Trump Signs Border Security and Immigration Enforcement Improvements Executive Order

Can Donald J. Trump order a border wall built that will cost several billion dollars?


On January 25, 2017, Donald J. Trump issued major executive orders affecting U.S. immigration policy and enforcement. One of these was titled “Executive Order: Border Security and Immigration Enforcement Improvements.”

By way of background, an executive order is not a law, but a presidential directive stating how the federal agencies should focus their efforts in enforcing existing law.

This order’s most significant points are as follows:

  • Executive departments and agencies are to deploy “all lawful means” to secure the border with Mexico, prevent further illegal immigration into the United States, and send undocumented immigrants back to their home countries “swiftly, consistently, and humanely.” This will include constructing a southern border wall, plus adding monitoring and personnel. The wall is to be a “contiguous, physical wall or other similarly secure, contiguous, and impassable physical barrier.” Here’s what the Executive Director of the American Immigration Lawyers’ Association (AILA) had to say about this: “America has invested billions in border security and despite the constant barrage of claims to the contrary, the truth is that the border is more secure now than it has ever been. Building a wall that will cost billions of more dollars, with the empty promise that Mexico will pay for it and for the sole purpose of fulfilling a campaign promise, rather than working on a smart, balanced strategy is short-sighted and a waste of resources.”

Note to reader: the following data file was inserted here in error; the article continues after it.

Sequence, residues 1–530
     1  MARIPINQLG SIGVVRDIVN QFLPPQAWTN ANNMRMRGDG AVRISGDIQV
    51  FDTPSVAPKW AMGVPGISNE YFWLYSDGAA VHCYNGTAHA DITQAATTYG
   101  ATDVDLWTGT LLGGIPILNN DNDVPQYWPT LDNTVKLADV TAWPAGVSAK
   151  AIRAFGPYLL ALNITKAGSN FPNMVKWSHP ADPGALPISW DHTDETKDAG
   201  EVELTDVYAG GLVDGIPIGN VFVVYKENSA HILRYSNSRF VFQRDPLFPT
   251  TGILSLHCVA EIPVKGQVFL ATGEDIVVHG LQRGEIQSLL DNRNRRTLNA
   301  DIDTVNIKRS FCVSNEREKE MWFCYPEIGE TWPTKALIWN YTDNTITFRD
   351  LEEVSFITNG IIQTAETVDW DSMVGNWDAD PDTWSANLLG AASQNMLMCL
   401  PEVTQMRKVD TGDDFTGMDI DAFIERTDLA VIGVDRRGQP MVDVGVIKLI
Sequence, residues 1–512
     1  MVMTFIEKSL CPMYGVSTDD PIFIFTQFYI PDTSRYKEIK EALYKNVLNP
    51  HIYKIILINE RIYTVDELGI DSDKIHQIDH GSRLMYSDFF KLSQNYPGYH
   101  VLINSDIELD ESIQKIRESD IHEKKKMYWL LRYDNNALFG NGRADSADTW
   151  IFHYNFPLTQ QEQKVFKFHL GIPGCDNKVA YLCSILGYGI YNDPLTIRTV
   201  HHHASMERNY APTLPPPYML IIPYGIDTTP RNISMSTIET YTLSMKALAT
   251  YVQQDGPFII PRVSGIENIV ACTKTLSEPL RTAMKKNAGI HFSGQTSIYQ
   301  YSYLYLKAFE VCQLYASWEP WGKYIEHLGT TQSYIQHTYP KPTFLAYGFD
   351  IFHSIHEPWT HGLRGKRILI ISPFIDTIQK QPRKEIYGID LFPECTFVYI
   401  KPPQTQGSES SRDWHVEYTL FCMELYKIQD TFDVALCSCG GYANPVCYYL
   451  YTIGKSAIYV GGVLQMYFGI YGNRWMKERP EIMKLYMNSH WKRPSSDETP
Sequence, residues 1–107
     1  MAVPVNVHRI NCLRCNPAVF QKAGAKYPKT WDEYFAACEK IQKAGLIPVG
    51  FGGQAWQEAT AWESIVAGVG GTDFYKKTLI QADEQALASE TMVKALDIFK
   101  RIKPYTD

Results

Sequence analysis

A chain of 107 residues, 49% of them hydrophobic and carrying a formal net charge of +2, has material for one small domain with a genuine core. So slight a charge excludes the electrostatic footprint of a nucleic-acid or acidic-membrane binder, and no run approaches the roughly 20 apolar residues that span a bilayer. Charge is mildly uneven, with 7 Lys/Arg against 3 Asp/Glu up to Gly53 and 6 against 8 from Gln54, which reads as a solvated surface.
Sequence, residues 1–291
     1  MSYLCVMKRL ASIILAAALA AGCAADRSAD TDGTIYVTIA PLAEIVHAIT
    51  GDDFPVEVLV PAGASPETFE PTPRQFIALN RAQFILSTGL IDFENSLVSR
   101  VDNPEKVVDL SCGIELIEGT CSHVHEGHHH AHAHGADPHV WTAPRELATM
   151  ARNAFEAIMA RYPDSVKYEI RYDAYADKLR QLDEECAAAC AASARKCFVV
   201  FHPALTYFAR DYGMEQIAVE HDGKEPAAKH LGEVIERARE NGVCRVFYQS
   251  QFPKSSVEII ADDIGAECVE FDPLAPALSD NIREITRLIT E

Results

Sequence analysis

• Anyone caught and suspected of violating federal or state law, including immigration law, will be detained pending further proceedings regarding those violations. If this means what it seems to, this is a major change and may actually violate existing law. Currently, immigration enforcement officials routinely make a decision, during the course of the arrest, as to whether to release the person and issue a notice to appear in immigration court on a later date. (See What Happens When an Undocumented Immigrant Is Caught.) Only a few categories of arrestees, including those who are high-risk, are put into detention. The order mentions that new detention facilities will need to be built along the southern border for this, and that immigration judges and asylum officers will need to be assigned to these. (This will require significant resources; it’s questionable whether they can be diverted without action by Congress.)
  • Immigration court proceedings are to be sped up. (This will be a major challenge—the immigration courts are underfunded, short on judges, and facing backlogs of several years.)
  • Anyone who has been ordered deported should be promptly removed from the U.S.
  • Federal-state partnerships should be formed to enforce federal immigration priorities. (See the other executive order for an idea of what this will mean.)
  • Steps should be taken to ensure that the parole and asylum provisions of federal immigration law are not illegally exploited to prevent the removal of non-citizens. Many portions of U.S. asylum law already address this very issue, for example the refusal to issue work permits to applicants until their cases have been won or long-delayed; it’s hard to speculate on what more can or will be added. However, it is clear that Trump plans to limit grants of humanitarian parole, specifically to cases in which the applicant can show “urgent humanitarian reasons or a significant public benefit derived from such parole.”
  • An annual report will be prepared showing all U.S. federal aid or assistance to the government of Mexico. (Presumably this is for leverage in carrying out Trump’s plan to charge the Mexican government for building the wall.)

Obviously implementation of the various items on the above list cannot happen overnight. For example, various border experts and former federal officials told the Washington Post that the wall along the U.S.-Mexico border cannot possibly be built without congressional approval, as it will cost $20 billion or more to construct.